The Ethical Tech @ Cal Poly Initiative, led by Assistant Professor of English Deb Donig and Associate Professor of Interdisciplinary Studies Matt Harsh, was recently mentioned in the publication "Protocol" where they discuss the rise of tech ethicists and the new job landscape. Read the story.
No Emoji for Ennui installation.
Art and Design Assistant Professor and filmmaker Lana Z Caplan’s short film "Autopoiesis" was included in the Urban Video Project exhibition No Emoji for Ennui at the Everson Museum of Art this spring. Caplan’s "Autopoiesis" sources media from the internet — including audio of self-hypnosis how-to’s, video from the 2018 PyeongChang and 1934 Berlin Olympics (from Leni Riefenstahl’s Olympia) and music from Sun-Ra’s Space is the Place — to deconstruct utopic visions of hashtag activism and autopoietic self-modulation in unregulated times.
Curated by Anneka Herre, "No Emoji for Ennui" was a four-person exhibition described by the curator as “explor(ing) the difficult-to-define emotional tenor of our time—one that often leaves us overstimulated and underwhelmed at the same time it demands endless positivity. By turns unsettling, contemplative, humorous, and filled with existential dread, the resulting show is a collective selfie of who and what we are now.”
Anthropology and Geography students Emilio Espinal and Eduardo Villanueva-Gonzalez recently presented a paper virtually and won the Best Student Paper Award for Social or Environmental Justice at the 2022 conference of the California Geographical Society (CGS). The students were encouraged to submit their paper, titled "Housing Segregation in the United States: A Review of The Color of Law," for publication in the CGS journal, "The California Geographer".
Pedro Armendáriz’s senior photo,
at age 18, in 1931. Photo courtesy:
Cal Poly Alumnus Pedro Armendáriz received a posthumous honor at the San Luis Obispo International Film Festival Showing of "La Perla." The award, given by College of Liberal Arts Dean Philip Williams, was presented to the Head Consul for the Mexican Consulate out of Oxnard, Euclides Del Mar Arbona. He will personally deliver the award to Armendáriz’s closest living relatives.
Members of the Spanish Debate Team
Spanish Debate Team members Austin Grassbaugh and Klara Perkins placed first at the Legados 2022, a debate founded by Cal Poly and co-hosted by Cal Poly and Centro de Enseñanza Técnica y Superior (CETYS), a private university in Mexicali.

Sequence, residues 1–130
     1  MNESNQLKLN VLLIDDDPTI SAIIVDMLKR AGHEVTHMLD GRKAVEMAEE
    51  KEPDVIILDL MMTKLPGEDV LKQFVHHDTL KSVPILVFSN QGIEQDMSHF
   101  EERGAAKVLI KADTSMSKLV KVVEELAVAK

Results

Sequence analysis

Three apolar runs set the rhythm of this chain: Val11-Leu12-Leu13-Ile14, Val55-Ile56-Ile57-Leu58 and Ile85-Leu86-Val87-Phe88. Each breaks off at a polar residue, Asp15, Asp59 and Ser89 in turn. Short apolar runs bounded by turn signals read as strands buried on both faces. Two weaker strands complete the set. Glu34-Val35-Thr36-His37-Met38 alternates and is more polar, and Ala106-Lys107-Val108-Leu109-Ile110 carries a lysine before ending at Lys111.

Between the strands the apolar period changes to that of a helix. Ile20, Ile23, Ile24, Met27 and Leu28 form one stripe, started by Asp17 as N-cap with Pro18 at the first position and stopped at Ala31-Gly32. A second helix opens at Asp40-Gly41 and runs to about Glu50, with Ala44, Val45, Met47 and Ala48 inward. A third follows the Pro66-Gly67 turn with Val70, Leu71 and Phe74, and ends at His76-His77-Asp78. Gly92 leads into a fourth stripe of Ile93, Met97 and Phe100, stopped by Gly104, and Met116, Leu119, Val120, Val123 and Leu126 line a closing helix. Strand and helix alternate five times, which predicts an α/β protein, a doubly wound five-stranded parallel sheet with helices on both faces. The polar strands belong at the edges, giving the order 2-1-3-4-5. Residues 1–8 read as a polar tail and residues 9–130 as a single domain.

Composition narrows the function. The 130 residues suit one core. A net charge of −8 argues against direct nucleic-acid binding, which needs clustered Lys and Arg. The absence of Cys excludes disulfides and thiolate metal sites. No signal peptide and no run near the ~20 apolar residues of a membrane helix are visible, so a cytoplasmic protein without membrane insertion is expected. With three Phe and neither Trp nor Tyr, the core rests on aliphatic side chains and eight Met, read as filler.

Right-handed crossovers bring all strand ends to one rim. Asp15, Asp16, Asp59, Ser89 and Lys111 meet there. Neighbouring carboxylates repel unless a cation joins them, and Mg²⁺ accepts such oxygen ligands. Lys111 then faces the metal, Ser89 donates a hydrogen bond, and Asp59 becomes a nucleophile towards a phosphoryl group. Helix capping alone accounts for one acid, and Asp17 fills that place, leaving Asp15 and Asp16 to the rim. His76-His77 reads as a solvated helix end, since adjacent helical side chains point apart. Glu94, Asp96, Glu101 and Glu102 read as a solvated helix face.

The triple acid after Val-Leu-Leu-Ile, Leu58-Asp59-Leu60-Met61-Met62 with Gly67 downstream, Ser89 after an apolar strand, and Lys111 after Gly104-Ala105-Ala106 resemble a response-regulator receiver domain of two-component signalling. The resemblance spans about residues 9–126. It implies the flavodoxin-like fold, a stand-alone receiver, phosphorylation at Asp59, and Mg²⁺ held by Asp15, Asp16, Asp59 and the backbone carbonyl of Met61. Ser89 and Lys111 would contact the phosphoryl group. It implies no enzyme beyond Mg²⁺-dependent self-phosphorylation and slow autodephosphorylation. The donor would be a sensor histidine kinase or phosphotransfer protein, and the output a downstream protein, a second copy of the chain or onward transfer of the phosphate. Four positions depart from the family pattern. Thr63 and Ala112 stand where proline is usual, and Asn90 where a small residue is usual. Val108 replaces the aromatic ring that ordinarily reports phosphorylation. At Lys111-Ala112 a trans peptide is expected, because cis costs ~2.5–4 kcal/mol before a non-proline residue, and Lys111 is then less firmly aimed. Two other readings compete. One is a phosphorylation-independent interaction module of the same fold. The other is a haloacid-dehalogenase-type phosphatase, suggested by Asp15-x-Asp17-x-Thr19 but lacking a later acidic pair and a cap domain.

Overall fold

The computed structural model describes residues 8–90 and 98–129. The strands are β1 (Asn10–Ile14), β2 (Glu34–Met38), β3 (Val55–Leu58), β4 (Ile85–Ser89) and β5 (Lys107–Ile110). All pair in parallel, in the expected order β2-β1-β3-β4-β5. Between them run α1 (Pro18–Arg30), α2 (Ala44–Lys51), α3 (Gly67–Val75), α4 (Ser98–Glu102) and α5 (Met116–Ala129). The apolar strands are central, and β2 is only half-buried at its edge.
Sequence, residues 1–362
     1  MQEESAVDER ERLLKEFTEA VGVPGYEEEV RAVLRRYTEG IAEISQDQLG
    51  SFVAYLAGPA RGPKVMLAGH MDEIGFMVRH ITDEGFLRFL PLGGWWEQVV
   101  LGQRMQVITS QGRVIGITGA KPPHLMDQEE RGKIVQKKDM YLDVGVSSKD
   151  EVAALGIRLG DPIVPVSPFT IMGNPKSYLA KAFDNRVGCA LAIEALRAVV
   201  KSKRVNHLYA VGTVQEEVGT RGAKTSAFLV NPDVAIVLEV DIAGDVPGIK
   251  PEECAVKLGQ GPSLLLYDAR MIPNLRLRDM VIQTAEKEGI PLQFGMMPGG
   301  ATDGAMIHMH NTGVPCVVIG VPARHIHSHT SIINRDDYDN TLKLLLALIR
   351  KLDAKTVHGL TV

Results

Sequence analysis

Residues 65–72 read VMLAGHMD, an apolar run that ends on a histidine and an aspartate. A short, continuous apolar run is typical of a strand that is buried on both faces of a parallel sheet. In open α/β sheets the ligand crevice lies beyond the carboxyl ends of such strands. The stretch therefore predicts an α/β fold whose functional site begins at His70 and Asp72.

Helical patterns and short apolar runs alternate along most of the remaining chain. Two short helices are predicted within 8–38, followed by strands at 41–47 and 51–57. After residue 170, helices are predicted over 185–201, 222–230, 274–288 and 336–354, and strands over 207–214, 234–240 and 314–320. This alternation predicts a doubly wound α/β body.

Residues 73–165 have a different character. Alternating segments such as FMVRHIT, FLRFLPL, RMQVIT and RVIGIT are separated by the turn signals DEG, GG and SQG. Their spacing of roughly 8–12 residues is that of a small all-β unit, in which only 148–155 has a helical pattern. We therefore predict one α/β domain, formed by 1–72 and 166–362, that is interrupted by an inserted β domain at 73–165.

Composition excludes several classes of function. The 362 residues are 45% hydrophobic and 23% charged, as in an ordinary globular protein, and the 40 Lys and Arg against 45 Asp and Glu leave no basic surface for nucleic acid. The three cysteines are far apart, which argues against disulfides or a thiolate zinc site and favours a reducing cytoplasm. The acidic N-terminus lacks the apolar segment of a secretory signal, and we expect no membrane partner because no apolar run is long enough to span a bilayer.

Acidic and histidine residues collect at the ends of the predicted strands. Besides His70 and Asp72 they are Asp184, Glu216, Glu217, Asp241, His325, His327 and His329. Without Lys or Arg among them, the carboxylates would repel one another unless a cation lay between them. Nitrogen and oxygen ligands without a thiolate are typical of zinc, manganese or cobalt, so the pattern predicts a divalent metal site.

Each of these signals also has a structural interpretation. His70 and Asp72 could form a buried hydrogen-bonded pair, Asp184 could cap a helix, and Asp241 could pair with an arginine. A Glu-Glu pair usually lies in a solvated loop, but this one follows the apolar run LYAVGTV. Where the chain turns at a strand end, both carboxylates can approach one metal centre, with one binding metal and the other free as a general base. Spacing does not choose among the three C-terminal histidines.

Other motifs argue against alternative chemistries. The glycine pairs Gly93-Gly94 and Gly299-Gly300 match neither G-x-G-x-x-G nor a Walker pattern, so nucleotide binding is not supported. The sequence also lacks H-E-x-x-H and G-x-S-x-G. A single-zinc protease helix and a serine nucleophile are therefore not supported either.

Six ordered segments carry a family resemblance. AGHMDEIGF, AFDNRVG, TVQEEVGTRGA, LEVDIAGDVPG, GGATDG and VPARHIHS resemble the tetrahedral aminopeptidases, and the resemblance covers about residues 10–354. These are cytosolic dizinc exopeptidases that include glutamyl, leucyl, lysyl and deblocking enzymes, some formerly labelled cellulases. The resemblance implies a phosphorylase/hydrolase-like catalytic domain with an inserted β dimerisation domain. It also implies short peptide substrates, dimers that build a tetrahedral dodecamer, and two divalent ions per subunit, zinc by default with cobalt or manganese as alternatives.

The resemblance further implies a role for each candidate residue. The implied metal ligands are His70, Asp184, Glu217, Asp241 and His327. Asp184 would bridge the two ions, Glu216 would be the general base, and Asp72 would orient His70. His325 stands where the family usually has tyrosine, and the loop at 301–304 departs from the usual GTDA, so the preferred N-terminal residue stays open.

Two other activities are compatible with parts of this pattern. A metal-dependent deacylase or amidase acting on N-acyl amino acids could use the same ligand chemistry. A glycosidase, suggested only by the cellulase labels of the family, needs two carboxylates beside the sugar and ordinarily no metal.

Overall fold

The motion for this year’s series centered on the water crisis that is affecting the Californias; specifically water from the Colorado River, the populations who depend on this water and the protected ecosystem of the Ciénaga de Santa Clara. In this context, the motion called for debaters to assess whether the Yuma Desalting Plant causes more harm than good.
Grassbaugh and Perkins advocated that given the current water crisis, any use of the Yuma Desalinating Plant causes irreparable harm to protected environments and endangered species and is only a “bandaid” to the larger water crisis that is affecting the United States and Mexico. They were joined in the final round by another Cal Poly team made up of first time debaters Alexander Torres and Aimee Nevarez who stepped in at the last minute to debate for the finalists from CETYS
Corey Hable (Music, '17) was one of three winners of the San Diego district auditions for the Metropolitan Opera Laffont Competition — the biggest opera competition in the country. Hable will now move on to the Western Region Finals at the Colburn School in Los Angeles on Sunday, February 20. If Hable wins in Los Angeles, he will move on to the semi-finals in New York City.
Chloe Heinz (Graphic Communication, '21) was part of the cross-discipline student team that worked in collaboration with local health officials to create an app that community members can use to find the nearest location to get naloxone — an opioid overdose reversal medicine.